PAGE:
In contrast to the lower unit, MI images of upper unit rocks show abundant dark clasts typically hundreds of microns in diameter, and up to nearly 3 mm for the largest example (Figure 6d). In some cases, the rocks appear to be clast supported, as in the case of Crawfords, on the northwestern side of Home Plate (Figure 6a). However, particularly on the eastern side of Home Plate, a significant volumetric fraction of the rocks appears to be composed of material finer than the resolution of the MI (∼100 μm [Herkenhoff et al., 2004]), as seen in Figures 6c and 6d. In the case of a mature aeolian deposit, material below this threshold is often removed by suspension, leaving a well-sorted framework of coarser particles which move by saltation. This attribute is observed for modern aeolian deposits imaged by Spirit, one example of which is shown in Figure 6b. This image was taken at the 170 m wide sand sheet known as “El Dorado”, to the north of Home Plate (Figure 1). At this location, the apparent lack of finer grained material was also indicated by a lack of sediment cohesion within a trench dug by the rover [Sullivan et al., 2006]. In contrast, the poorly sorted character of many surge deposits on Earth is consistent with a large fine-grained fraction [Smith and Katzman, 1991].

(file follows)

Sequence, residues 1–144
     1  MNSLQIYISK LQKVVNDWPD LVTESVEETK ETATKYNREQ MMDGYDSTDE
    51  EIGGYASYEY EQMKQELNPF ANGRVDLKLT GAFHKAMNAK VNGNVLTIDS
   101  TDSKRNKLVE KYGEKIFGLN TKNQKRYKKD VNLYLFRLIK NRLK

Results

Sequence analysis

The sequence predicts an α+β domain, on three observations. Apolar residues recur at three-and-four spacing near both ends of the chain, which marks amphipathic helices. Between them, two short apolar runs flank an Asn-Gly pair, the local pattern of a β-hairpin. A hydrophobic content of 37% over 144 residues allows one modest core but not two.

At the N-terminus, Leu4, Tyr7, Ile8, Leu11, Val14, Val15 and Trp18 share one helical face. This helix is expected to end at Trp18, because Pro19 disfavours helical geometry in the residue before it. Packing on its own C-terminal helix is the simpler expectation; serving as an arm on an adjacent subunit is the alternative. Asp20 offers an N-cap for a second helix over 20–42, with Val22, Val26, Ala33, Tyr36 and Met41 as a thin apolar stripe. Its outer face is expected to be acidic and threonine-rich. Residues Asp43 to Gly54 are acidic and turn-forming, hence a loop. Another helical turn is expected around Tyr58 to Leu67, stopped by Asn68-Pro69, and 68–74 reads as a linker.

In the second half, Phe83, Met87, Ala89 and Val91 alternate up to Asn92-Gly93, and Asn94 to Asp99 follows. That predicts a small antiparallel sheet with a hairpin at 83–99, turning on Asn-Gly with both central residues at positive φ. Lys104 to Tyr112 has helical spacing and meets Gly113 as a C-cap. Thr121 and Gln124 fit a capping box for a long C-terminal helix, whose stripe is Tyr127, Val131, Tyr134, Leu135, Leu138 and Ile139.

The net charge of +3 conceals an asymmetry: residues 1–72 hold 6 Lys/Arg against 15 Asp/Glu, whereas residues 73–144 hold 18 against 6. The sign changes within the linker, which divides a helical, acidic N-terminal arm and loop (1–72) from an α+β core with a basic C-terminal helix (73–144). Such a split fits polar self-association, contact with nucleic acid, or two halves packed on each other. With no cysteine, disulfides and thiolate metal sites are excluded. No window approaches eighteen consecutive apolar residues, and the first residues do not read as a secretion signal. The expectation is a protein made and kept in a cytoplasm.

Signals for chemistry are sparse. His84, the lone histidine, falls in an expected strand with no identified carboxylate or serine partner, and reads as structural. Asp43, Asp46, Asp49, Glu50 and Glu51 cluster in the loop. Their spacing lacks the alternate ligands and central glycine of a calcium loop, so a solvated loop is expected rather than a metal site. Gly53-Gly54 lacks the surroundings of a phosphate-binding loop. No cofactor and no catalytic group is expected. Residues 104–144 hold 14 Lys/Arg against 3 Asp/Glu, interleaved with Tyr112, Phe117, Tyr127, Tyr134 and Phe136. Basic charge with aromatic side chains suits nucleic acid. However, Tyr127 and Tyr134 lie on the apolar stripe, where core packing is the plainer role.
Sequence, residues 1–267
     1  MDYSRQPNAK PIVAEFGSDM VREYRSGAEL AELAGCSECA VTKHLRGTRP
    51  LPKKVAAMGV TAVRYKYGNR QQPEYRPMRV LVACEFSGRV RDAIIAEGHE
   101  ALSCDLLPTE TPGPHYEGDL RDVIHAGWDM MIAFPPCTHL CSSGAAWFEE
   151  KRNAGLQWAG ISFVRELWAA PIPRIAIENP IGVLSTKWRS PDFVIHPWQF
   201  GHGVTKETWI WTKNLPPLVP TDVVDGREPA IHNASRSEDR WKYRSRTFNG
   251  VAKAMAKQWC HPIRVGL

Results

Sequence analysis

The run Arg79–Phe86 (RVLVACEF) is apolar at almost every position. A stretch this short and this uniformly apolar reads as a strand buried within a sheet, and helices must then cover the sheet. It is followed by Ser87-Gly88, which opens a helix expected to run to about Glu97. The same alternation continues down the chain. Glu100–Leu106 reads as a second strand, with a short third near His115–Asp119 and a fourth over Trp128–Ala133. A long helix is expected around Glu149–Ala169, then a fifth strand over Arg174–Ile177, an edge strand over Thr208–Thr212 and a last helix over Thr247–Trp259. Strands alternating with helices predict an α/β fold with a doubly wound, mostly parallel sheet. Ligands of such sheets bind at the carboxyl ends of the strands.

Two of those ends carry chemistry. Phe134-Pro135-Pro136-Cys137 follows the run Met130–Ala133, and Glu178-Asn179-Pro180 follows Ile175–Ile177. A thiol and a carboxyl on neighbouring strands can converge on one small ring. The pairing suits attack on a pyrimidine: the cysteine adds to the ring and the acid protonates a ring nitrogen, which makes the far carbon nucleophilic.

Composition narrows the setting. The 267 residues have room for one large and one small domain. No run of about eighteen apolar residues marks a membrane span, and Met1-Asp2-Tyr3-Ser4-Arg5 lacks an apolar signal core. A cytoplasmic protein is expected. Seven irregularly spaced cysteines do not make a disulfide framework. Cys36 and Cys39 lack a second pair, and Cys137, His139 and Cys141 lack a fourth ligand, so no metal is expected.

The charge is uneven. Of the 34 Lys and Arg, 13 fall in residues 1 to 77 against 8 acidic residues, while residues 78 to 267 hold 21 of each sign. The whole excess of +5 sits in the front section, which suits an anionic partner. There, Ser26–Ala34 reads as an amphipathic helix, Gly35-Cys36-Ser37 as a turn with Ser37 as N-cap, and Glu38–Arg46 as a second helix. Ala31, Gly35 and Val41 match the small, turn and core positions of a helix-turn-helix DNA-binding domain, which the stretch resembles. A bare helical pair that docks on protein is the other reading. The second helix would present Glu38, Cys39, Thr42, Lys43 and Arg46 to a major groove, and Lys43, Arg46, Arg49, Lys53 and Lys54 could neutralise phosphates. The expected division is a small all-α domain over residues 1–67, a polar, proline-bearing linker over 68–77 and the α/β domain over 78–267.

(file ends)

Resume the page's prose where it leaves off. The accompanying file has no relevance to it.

The upper unit exhibits several differences in sedimentology between the east and west side of Home Plate. On the west side, grains are highly rounded, appearing to be nearly spherical for the largest, best resolved grains. In contrast, on the east side of Home Plate, grains are more angular, and occasionally elongated. Grain roundness is an important characteristic for distinguishing between depositional processes. Very round grains typically indicate extensive transport and abrasion prior to deposition. An excellent example is the El Dorado sand sheet, shown in Figure 6b. In contrast, juvenile pyroclasts are typically angular, experiencing only minor physical abrasion during transport [Wohletz, 1983]. While the rock targets on the west side of Home Plate are strikingly similar to modern aeolian deposits in terms of roundness, the east side targets are more consistent with a limited degree of transport and abrasion. Ultimately, these contrasting observations alternately provide support for either a pyroclastic or an aeolian depositional mechanism for the upper unit.